President George Washington received a bill that would create a national bank if he didn’t veto within 10 days. National-government power to print money not backed 100% by reserves of gold or silver had been voted down by Washington’s Constitutional Convention by a supermajority of 9 to 2. Four short years later, Treasury secretary Alexander Hamilton claimed the opposite: that the Constitution implies that the national government can create a national bank that prints fractional-reserve money. Washington ran with this, didn’t veto, and instead signed the bill creating the national bank.
President Andrew Jackson received a bill that would renew the charter of a national bank that printed fractional-reserve money if he didn’t veto within ten days. Jackson vetoed.
When government people allow the quantity of money to exceed the amount of gold or silver held in reserve, this violates the Constitution. It exceeds the national government’s specifically enumerated power to coin money. More fundamentally, it fails to secure people’s right to keep their own property (rights ensured here and here).
Everyone who has money in any account loses purchasing power when an inflated quantity of money is used to buy a constant production volume of stuff. The inflation loss doesn’t appear everywhere all at once; it starts first where the new money is added and eventually spreads to everywhere else.
Money is newly created by banks when they make loans. Loan recipients at first purchase stuff at existing prices, prices that were set before the new money was created. As more money continues to become available to customers who all want the same items, those customers bid those items’ prices up. Lately, with money creation keeping interest rates low, the people close to the front of the line for the newly created money have been using this extra money to buy assets, so the first prices to rise have been the prices of assets.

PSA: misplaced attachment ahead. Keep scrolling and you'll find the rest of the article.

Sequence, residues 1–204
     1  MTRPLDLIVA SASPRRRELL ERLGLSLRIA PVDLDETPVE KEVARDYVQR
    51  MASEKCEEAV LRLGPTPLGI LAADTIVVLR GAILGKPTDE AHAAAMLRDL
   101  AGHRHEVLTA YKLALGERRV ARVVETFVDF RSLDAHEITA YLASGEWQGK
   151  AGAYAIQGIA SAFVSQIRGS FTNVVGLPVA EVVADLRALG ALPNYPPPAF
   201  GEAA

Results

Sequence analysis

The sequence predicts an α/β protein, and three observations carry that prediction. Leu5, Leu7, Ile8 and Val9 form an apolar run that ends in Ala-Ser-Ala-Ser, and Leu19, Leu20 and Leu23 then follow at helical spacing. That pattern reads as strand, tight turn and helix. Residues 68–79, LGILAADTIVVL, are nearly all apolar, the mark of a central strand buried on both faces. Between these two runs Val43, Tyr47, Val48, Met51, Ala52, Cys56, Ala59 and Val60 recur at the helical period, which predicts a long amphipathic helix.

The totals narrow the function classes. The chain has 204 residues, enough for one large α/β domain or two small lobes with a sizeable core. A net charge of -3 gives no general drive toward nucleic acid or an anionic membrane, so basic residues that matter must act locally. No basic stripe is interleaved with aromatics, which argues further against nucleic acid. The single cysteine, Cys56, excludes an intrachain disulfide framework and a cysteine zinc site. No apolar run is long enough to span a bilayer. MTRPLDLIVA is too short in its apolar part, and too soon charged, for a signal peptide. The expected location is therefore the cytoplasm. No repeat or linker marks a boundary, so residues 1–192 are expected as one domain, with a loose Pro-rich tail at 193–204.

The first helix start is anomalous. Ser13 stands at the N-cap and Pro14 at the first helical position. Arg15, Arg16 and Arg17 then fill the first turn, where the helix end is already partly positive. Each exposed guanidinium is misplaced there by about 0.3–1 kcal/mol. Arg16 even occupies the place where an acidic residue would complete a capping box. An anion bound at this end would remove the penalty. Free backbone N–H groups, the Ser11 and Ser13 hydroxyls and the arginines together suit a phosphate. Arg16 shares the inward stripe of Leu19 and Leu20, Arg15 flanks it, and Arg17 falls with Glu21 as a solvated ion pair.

But higher asset prices increase producers’ investment costs. To stay in business, producers must raise prices sooner or later. Most people don’t handle the newly created money early on, so the newly created money gives most people no benefits, and it harms them by inflating the prices of everything.
Everyone who has money in any account also loses purchasing power when the stock of money that’s earned by people who add value is skimmed by bankers, who create money out of thin air, loan out this unearned money, and extract unearned interest. Government people let bankers make loans by just writing checks to borrowers and recording the loan amounts in the bankers’ accounting books. Bankers hold only small fractional reserves, so bankers take in little deposit money and pay little deposit interest. Bankers add little value. Bankers do charge loan interest, subtracting much value. So, then, everyone else adds value by voluntarily cooperating with one another, and bankers just skim off some of the value added by everyone else.
Summing up all such inflation losses, from 1941 to 2018, people who held balances of U.S. dollars lost purchasing power totaling an astounding 94%!
Because of government-fiat fractional-reserve money, everyone who adds value also gets subjected to further losses of income and wealth due to avoidable recessions.
When the quantity of money is constant, interest rates help customers’ current decisions to save stay in sync with business people’s current decisions to invest. Business people can invest in the present, and customers will have savings available to buy the resulting production in the future. Savings-driven investment goes far to ensure that investments pay off and turn out good.